Side Post: My experience at the Society for Behavioral Neuroendocrinology Meeting in Atlanta

Hello everyone,

From June 23-26, seven research students (including myself) and our lab PI professor Heideman went to the Society for Behavioral Neuroendocrinology meeting in Atlanta, Georgia. Firstly, I would highly recommend anyone thinking of a future in scientific research to attend a conference in their respective fields. Some experiences and realizations are positive and some are negative, but all proved to be crucial in my understanding of what it would mean to live as a scientific researcher.

I’ll start off with the more negative realizations. Scientific research is hard and complicated. As a rising sophomore, having only taken the introductory biology courses, I was confused at least half of the time in 90% of the talks. The work that is being funded and being published and gaining interest is currently at a very high level. One needs to know highly detailed information, highly in depth understanding, and highly skilled techniques to be able to do successful research in the current scientific arena. This is intimidating to say the least.

Now for the more positive realizations. Scientific research is exciting and provides an amazing scope of possible discovery. Even though the progression of our understanding of the natural world has accelerated over the years, I could still feel an underlying sense of “we haven’t even scratched the surface” mentality in the talks that were given. This is exciting for me. If there was a future in anything, there is a future in scientific research.

Not only do we not understand alot, but I now understand that we don’t know a lot about broad and diverse areas of knowledge. I came into the conference thinking that “Behavioral Neuroendocirinology” was a cut and dry area that we know alot about already and are now only working out the details. Now I understand the true scope of this field as it ranges from maternal behavior and how we feel and take care of our young to specific co-receptors on an obscure steroid pathway in the recesses of the brain. Even in this narrow field of study, there is so much we have still yet to learn.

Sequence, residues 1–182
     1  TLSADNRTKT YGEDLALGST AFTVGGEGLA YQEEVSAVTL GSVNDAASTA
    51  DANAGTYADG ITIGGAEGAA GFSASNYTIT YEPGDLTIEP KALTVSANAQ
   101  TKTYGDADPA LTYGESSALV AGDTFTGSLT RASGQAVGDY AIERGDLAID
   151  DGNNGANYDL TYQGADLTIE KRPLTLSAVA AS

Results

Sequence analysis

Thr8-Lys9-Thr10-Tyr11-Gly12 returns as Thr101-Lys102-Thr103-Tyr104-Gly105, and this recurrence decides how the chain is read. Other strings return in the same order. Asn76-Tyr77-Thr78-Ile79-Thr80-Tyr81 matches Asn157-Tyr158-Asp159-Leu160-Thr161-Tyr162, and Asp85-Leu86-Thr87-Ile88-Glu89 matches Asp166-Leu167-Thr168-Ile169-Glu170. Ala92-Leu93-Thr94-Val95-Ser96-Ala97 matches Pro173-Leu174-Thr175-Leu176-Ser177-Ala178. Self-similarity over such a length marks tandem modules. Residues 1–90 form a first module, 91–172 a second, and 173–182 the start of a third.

Another hopeful sign for a future in scientific research is the quality of the people one works with. People who become successful at research are not total recluses that are totally immersed in their work and research alone. In fact, from being with top-notch scientists for a few days, being a recluse and isolated is actually detrimental to scientific growth. People who succeed in science know how to synthesize and connect different ideas from different people in different areas. They learn new techniques and methods. They talk and give advice about the work that they do. They are able to understand their work better by talking and explaining it to others. Scientists, the good ones, are friendly and amiable. They have a hard job but enjoy the company of others. I truly enjoyed being around them.


My lab mates and I in Atlanta for the SBN conference

Overall, my experience at SBN was a good one. I got closer to my lab and grew as a researcher and scientist. I am excited to discover new things in lab and revived my enthusiasm for my project.